Bhatia is recognized for her contributions to “advancement of the medical sciences, health care, and public health”, becoming one of 25 people to join all three National Academies
(BOSTON) — Sangeeta Bhatia, M.D., Ph.D., is among 100 new members elected to the National Academy of Medicine in 2019, and just the 25th person to be elected to all three national academies, which also include the National Academies of Science and Engineering. Along with her colleague Paula Hammond, Ph.D., head of the Massachusetts Institutes of Technology (MIT)’s Department of Chemical Engineering, she is also one of only two women of color to have thus far joined all three academies.
The National Academy of Medicine was established in 1970 (then Institute of Medicine) as an independent organization of eminent professionals from fields including health and medicine, as well as the natural, social, and behavioral sciences that works out of government to provide objective advice on matters of science, technology, and health.
“I’m incredibly honored to be part of this group of thinkers and doers that I have long admired,” said Bhatia, who also is the John J. and Dorothy Wilson Professor of Electrical Engineering and Computer Science at MIT, where she has spent most of her career. She is also a member of MIT’s Koch Institute for Integrative Cancer Research and Institute for Medical Engineering & Science, as well as an Institute Member of the Broad Institute of MIT and Harvard, and Investigator of the Howard Hughes Medical Institute.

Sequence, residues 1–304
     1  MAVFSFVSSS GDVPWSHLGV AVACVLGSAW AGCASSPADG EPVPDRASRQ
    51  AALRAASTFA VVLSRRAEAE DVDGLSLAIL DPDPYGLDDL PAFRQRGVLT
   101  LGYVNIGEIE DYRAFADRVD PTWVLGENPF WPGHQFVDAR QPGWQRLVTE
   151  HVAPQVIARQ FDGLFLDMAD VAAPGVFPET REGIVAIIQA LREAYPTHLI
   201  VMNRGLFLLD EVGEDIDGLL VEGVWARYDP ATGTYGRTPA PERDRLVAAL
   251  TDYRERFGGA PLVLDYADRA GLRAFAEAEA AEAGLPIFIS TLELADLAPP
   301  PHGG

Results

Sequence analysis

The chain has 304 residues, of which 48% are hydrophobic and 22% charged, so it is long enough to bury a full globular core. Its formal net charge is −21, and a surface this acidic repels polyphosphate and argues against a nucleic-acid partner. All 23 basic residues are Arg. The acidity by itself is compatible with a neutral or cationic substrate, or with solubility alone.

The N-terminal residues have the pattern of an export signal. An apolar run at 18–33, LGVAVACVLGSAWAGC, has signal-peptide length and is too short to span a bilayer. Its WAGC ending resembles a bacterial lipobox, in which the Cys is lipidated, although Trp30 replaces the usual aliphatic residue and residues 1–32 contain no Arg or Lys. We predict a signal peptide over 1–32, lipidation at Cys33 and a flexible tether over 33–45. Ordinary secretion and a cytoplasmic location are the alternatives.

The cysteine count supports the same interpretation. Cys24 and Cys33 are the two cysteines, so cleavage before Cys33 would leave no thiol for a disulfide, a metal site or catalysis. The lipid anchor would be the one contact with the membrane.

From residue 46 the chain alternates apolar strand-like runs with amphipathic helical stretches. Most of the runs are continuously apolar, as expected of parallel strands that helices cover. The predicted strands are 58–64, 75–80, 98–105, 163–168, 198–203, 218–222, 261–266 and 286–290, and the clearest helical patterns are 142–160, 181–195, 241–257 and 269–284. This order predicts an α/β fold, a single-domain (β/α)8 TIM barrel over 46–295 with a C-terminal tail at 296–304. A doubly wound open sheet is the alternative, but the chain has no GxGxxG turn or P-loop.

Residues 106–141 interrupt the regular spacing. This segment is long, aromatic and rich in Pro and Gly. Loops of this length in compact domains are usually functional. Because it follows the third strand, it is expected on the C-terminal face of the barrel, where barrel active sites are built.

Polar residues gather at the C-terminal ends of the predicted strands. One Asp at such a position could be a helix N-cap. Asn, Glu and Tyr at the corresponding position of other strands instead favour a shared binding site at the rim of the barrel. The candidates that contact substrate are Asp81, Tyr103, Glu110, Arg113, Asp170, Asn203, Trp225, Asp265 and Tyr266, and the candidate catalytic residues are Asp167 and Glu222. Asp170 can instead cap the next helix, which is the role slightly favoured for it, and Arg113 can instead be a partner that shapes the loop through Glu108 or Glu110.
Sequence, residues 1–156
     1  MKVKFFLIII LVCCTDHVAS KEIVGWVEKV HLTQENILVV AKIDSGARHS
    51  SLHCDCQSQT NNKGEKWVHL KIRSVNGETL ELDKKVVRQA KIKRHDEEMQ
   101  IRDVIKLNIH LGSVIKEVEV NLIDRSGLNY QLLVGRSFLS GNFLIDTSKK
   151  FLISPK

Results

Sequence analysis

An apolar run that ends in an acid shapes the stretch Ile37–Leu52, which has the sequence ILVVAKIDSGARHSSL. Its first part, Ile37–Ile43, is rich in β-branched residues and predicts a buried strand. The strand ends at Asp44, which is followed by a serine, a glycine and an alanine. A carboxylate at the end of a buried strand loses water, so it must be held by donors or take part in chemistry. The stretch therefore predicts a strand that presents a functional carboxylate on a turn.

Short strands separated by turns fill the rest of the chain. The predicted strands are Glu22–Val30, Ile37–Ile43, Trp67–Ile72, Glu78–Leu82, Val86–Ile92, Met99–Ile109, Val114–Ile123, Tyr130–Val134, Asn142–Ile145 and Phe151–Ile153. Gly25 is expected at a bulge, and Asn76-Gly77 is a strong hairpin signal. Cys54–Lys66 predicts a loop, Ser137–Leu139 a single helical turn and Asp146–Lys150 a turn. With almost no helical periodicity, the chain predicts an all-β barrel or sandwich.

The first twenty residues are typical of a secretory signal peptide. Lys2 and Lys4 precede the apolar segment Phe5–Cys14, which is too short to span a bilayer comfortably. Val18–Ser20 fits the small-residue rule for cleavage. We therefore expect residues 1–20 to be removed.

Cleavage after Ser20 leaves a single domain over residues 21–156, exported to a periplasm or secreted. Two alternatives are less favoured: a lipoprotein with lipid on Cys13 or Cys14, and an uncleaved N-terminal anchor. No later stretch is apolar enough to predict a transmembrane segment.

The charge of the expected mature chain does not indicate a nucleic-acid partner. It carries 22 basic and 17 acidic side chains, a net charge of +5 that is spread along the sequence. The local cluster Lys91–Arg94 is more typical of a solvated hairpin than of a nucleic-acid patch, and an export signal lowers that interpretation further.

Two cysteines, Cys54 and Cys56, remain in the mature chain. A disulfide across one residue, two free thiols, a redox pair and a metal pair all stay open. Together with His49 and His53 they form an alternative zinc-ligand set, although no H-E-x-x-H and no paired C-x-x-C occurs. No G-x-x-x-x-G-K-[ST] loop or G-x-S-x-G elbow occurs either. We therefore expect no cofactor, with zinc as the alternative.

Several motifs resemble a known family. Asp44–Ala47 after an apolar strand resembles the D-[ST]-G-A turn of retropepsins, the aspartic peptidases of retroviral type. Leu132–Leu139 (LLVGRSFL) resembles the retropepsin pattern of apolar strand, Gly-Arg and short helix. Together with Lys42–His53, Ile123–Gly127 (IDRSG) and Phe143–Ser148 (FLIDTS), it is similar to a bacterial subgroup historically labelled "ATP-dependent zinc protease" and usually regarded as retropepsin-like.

Bhatia became an Associate Faculty member of the Wyss Institute in 2018. She has pioneered technologies for interfacing living cells with synthetic systems, enabling new applications in tissue regeneration, stem cell differentiation, medical diagnostics and drug delivery. Her multidisciplinary group has developed a broad and impactful range of inventions, including human “micro-livers” which model human drug metabolism, liver disease, and interaction with pathogens. She also develops nanoparticles and nanoporous materials that can be designed to assemble and communicate inside the human body to study, diagnose, and treat a variety of diseases, including cancer. At the Wyss Institute, she is currently also applying her research to the Institute’s 3D Organ Engineering Initiative.
To further advance these technologies, Bhatia and her group members have founded several biotechnology companies, including Hepregen (now BioIVT), which is based on her micro-liver technology, and Glympse Bio, which develops non-invasive approaches for the detection and monitoring of diseases using nanotechnology.
Other members of the Wyss Institute that were appointed to the National Academy of Medicine are David Mooney, Ph.D., Samir Mitragotri, Ph.D., David Walt, Ph.D., Elliot Chaikof, M.D., Ph.D., James Collins, Ph.D., and Founding Director Donald Ingber, M.D., Ph.D.